Crammed full with wounded from the Gallipoli landing, the S.S. Ionian made for 17th General Hospital in Alexandria, Egypt. If Andy was lucky, he would have been dosed with morphine for the journey, but he may not have received decent medical treatment until he reached Egypt.
Andy was admitted to hospital on 1 May. His condition was recorded as “dangerously ill”, but Jane Duncan received the standard notification
Sergeant Duncan is not reported seriously wounded. In the absence of further reports Egypt advises all wounded to be progressing satisfactorily.
Jane probably provided The Adelaide Chronicle with its 29 May article
Andy’s hospital stay gave him some respite from the dysentry and enteric fever that swept through the men at Gallipoli. He was treated at Alexandria for 37 days, then spent another 12 days at Tanta Government Hospital.
On 17 June 1915 Andy was discharged from hospital, carrying in his back the Turkish shrapnel that was to torment him in later years. He was judged fit for duty, and rejoined his unit at Gallipoli on 8 July 1915.
At the start of the great August offensive Andy was promoted to Company Sergeant Major. During the battle for Lone Pine Andy’s battalion was in support at Silt Spur, holding the existing lines.
September’s cooler weather turned wintry by the end of the month. On 23 September Andy was reprimanded for neglect of duty at Anzac. Details of the reprimand are not recorded, but it appears to have come at a time of relative quiet. During lulls in the fighting some men took the opportunity to move about the trenches more freely, and some received reprimands for not staying below the trench parapet. One officer had been reprimanded earlier for setting a bad example for his men. Perhaps Andy’s reprimand was of a similar nature.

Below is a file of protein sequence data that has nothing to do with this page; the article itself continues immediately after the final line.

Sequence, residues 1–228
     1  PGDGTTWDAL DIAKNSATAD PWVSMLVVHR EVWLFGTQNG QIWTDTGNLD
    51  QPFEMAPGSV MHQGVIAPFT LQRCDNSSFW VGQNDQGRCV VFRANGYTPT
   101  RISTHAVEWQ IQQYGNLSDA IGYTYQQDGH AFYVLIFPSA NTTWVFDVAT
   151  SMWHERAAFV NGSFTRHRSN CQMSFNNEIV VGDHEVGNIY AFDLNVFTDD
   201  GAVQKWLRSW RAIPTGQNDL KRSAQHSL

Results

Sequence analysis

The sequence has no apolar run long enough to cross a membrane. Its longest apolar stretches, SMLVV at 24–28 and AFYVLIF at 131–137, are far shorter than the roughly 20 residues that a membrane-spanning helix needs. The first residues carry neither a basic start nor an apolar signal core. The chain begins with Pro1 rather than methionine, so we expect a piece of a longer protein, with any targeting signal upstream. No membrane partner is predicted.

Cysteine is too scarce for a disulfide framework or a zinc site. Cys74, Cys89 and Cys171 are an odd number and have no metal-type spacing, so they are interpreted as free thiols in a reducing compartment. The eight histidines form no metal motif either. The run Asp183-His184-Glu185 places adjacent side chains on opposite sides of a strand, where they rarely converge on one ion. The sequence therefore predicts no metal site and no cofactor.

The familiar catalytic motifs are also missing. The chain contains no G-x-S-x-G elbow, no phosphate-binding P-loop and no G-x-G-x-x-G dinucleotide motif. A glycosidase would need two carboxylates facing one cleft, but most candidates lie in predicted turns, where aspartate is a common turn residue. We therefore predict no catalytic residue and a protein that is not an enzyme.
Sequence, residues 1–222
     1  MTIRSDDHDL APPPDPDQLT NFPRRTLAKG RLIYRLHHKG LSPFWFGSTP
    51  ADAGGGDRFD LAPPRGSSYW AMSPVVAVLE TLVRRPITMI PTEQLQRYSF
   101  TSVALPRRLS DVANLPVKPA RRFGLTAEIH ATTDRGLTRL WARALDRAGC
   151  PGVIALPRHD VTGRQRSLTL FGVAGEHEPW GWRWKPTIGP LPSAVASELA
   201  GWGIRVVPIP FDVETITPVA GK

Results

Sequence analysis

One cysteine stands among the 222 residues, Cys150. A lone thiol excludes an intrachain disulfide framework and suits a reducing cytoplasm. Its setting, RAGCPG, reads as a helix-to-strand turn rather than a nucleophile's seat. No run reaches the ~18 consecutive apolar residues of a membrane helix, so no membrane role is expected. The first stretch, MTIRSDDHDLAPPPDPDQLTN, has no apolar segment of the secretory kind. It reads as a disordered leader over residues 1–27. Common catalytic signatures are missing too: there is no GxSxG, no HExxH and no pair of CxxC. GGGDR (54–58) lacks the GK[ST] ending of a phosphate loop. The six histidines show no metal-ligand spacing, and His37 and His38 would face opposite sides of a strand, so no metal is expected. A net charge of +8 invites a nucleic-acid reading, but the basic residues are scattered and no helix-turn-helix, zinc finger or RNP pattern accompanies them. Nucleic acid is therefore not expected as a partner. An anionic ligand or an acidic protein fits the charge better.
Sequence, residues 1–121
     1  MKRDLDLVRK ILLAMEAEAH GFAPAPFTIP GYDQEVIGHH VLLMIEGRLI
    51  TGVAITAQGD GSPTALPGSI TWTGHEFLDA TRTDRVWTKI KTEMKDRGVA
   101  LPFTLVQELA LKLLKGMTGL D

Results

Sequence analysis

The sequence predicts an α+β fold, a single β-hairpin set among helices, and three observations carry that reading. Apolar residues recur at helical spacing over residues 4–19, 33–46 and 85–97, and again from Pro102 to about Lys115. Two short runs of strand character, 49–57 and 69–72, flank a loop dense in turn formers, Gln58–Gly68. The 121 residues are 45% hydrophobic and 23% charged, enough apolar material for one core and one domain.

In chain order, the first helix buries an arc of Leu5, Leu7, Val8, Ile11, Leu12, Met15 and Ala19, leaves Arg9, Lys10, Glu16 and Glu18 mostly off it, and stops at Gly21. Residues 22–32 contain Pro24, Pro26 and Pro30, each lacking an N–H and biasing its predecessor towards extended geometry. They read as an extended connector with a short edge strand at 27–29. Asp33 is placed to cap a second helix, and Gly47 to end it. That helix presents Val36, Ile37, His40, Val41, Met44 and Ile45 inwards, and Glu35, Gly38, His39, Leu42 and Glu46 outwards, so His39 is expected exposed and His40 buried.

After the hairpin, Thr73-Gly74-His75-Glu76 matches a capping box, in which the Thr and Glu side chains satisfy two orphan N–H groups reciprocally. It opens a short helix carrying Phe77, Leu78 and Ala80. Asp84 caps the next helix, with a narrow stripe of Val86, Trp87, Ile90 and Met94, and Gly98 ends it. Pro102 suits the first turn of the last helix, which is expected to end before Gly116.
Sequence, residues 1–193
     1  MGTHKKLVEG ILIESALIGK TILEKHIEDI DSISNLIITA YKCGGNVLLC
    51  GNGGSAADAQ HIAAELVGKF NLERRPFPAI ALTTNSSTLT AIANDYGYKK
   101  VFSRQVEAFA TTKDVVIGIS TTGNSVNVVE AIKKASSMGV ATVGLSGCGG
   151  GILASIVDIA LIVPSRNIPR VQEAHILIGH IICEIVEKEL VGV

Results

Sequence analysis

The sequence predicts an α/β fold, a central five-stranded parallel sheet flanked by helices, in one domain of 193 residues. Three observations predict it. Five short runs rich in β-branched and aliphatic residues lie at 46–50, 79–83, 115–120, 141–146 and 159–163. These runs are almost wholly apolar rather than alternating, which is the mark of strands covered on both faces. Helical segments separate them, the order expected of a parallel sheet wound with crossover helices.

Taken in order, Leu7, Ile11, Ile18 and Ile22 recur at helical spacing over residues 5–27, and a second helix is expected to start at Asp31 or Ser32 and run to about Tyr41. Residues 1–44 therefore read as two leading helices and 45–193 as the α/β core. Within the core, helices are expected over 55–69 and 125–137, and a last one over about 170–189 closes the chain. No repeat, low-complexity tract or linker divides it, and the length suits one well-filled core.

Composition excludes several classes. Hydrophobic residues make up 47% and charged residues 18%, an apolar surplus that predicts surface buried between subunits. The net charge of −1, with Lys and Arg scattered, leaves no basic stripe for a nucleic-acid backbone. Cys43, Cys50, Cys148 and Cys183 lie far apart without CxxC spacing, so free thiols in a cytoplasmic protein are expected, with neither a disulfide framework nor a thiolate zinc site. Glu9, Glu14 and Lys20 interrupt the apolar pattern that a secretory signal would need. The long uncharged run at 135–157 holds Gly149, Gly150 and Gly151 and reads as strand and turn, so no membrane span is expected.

November brought violent storms and heavy seas. On 21 November, in bitterly cold weather, the 10th Battalion left Gallipoli, rotated out of the line for a rest at Mudros on Lemnos island. What Andy did not know was that he was leaving the peninsula for the last time.
The History of the 10th Battalion records that on arrival at Mudros
the blizzard which caused so many casualties on Gallipoli came upon them. That blizzard “which in four days by flood and frost caused 200 deaths, 10,000 unfit for further service, and 30,000 sickened and made old”.
During this severe weather Andy was reprimanded a second time for neglect of duty at Serpi rest camp.
While at Mudros Andy would have learned that Gallipoli was to be evacuated. How did he feel on hearing the news? There must have been relief, certainly. But he would not have the chance to visit the graves of the fallen and say a final farewell. Did he feel that he was letting his mates down by evacuating after all they had fought for?
Andy spent Christmas day 1915 on Lemnos. The next day he sailed for Egypt, disembarking at Alexandria on 29 December and entraining for Tel-el-Kebir Camp.
NAA: B2455, DUNCAN, AS. National Archives of Australia.
Kearney, R. 2005. Silent Voices: the story of the 10th Battalion AIF in Australia, Egypt, Gallipoli, France and Belgium during the Great War 1914-1918. New Holland Publishers, Sydney.
Limb, A. 1919. History of the 10th Battalion A.I.F. 1st ed. London; Melbourne: Cassell and Co.
Walsh, M. 1997. War Diary of Lieutenant Colonel Frederick E. Forrest MC.
Bean, C.E.W. 2007. Bean’s Gallipoli: The diaries of Australia’s official war correspondent. Edited and annotated by Kevin Fewster 3rd ed. Crows Nest NSW: Allen & Unwin.
2 thoughts on “Wounded, then back to Anzac Cove”
So clearly told. I have never read about that blizzard before, Such brave me
Thanks, Boundforoz. It seems that it wasn’t just the Western Front winters that were miserable.